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Anatomy of Anterior Cruciate Ligament
Anterior cruciate ligament is one of the main ligaments that provide for stabilization of the knee joint. It is located at the middle of the knee joint and prevents the knee from shifting forward; when it is totally torn, the patients come to the physician with the complaint of discharge at the knee.
Knee ligament injuries mainly occur during twenties and thirties.
2- Joint laxity (widespread ligament looseness)
3- Makign sports on rough ground.
4- Female gender: (risk of anterior cruciate ligament injury in women performing the same sports is 4-8 higher than men)
Mechanism of Occurrence:
This arises frequently when the body rotates on the knee when the foot is fixed on the ground.
This arises during sudden slow down for changing direction while running in persons engaged in basketball or football. Besides, an uncontrolled loading on the knee after bouncing could lead to tear of cruciate ligament. Meniscal tear frequently accompanies the anterior cruciate ligament tear.
In the absenceof anterior cruciate ligament, the biomechanics and kinematics of the knee joint is distorted, which leads to abnormal loads on meniscus and knee joint cartilage, as a result of which degenerative arthritis (joint surface damage) occurs.
The story of the patient is typical, where the complains change depending on whether it is acute or chronical.
In acute cases (newer than 3 weeks), basic complains include knee pain, swelling and restriction of active movements, failure to make the knee totally smooth, feeling of insecurity, walking by limping and being in need of walking support. The complaint of discharge in knee is not frequent since walking is not performed much due to pain. Some patients may hear the sound of breaking as the knee rotates during sports.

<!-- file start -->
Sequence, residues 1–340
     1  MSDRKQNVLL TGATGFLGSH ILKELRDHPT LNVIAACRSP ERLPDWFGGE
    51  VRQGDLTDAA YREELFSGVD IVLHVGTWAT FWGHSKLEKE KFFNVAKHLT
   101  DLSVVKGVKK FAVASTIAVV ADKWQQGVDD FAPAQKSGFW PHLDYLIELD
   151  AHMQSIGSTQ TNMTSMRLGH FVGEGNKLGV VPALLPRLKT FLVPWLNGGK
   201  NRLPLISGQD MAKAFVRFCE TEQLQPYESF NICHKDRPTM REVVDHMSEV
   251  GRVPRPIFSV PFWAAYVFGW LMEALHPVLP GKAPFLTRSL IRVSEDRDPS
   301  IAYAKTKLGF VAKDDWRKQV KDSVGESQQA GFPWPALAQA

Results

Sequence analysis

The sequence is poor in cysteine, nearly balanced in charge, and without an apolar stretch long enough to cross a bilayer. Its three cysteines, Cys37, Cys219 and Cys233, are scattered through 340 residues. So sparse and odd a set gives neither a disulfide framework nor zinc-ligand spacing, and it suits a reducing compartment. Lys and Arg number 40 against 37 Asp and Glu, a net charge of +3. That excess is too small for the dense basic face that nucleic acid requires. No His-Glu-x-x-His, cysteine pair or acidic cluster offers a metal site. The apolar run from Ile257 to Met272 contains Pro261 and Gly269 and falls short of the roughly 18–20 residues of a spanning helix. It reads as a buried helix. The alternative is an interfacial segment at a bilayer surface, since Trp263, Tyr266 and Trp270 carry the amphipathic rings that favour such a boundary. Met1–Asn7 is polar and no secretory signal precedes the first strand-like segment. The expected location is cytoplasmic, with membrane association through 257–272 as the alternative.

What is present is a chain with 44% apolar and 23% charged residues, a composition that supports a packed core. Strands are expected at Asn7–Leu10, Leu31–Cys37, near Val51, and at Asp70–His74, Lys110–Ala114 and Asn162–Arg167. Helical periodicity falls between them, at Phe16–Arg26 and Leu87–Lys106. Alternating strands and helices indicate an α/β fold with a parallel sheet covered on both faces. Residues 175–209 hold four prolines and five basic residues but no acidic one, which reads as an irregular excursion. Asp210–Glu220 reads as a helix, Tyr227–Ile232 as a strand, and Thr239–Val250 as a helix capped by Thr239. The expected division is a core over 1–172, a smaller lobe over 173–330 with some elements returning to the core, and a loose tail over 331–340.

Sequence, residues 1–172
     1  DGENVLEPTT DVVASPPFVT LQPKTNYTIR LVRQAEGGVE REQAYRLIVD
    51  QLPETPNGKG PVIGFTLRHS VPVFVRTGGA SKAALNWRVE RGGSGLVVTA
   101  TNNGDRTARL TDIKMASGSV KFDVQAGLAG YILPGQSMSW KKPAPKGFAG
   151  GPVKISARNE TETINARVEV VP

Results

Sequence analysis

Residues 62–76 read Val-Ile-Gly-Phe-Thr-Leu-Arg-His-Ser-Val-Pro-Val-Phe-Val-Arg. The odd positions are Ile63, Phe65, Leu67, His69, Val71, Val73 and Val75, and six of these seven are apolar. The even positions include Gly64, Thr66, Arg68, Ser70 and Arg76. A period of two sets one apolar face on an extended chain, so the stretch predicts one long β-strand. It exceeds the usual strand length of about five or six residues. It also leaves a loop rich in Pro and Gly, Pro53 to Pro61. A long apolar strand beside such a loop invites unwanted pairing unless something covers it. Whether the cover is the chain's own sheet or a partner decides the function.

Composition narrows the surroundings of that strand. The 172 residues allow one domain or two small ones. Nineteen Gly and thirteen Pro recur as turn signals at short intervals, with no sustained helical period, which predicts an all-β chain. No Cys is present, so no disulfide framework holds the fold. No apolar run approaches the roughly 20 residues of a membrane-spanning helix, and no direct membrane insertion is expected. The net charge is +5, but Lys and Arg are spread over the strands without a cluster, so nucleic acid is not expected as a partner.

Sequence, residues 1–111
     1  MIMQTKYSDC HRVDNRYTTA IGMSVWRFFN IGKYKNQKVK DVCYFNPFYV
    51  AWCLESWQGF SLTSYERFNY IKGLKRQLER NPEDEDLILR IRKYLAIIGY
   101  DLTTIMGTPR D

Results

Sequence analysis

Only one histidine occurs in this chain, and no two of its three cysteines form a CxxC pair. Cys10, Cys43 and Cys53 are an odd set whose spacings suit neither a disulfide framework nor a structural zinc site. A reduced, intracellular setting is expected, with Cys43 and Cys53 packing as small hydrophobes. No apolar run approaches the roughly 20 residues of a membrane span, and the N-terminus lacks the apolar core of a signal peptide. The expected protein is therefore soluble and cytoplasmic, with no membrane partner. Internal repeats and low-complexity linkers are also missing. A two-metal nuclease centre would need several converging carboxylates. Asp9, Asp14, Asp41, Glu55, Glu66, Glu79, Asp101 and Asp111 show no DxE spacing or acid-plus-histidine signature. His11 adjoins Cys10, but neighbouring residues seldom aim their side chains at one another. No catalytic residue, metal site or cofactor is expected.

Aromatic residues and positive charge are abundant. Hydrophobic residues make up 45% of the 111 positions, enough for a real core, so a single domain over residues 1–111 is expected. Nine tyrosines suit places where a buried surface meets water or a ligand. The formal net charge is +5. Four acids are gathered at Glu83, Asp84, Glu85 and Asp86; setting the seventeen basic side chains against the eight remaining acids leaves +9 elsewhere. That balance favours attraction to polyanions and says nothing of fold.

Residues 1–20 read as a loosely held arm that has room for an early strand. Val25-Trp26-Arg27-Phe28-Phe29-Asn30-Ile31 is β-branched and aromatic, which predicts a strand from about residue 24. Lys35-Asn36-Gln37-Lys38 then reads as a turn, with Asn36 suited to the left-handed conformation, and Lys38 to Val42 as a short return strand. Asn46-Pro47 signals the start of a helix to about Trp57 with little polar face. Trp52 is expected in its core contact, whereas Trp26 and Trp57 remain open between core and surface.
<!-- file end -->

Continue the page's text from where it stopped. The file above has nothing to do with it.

In chronical cases (older than 3 months): Patients apply to physician suffering from failure to run and make sports, feeling of insecurity in sudden bouncing, stopping and rotating movements and discharge. Swelling episodes could be seen on the knee with the third frequency. Meniscal tear could be found at a rate of 50% in patients who have anterior cruciate ligament tear. Locking and pain complains could be seen due to meniscal tear. Whereas patients with anterior cruciate ligament tear could perform sports, significant performance losses could occur.
Whereas cartilage damage could occur in the acute period in anterior cruciate ligament tear, there may be an increase in cartilage damage rate depending on the frequency of discharges on the knee in chronical period. It is known that meniscuses and joint cartilage is protected as the anterior cruciate ligament is repaired.
How is it diagnosed?
Examination: In acute tears, the patient comes with a swelling on his knee, the knee is highly painful and tensile, it may sometimes not be possible to perform specific examination tests due to pain.
Detailed knee examination is performed on the patient who comes in chronical period; meanwhile specific tests are applied for anterior cruciate ligament tear.
Classical conventional X-Ray: Whereas acute anterior cruciate ligament tear does not give any finding in diagnosis, anterior cruciate ligament tear could be doubted with some indirect findings in case of chronical tears. The easiest imaging method which gives the most clear finding today is MR.
How should anterior cruciate ligament tear be treated?
As a result of developments in surgical technologies in recent years, it is indicated that clinical results may lead to unacceptable results in many cases in patients who are not operated. Is surgery the only option? Whereas surgical treatment is the only option, it is the best option in terms of functional results.
What are the conditions to pay attention while making the decision for surgical treatment?
1-The most important factor is the age of the patient.
Aged 12 to 20:
Since the level of activity is high in this age group, surgical treatment is the best option.
Aged 20 to 40: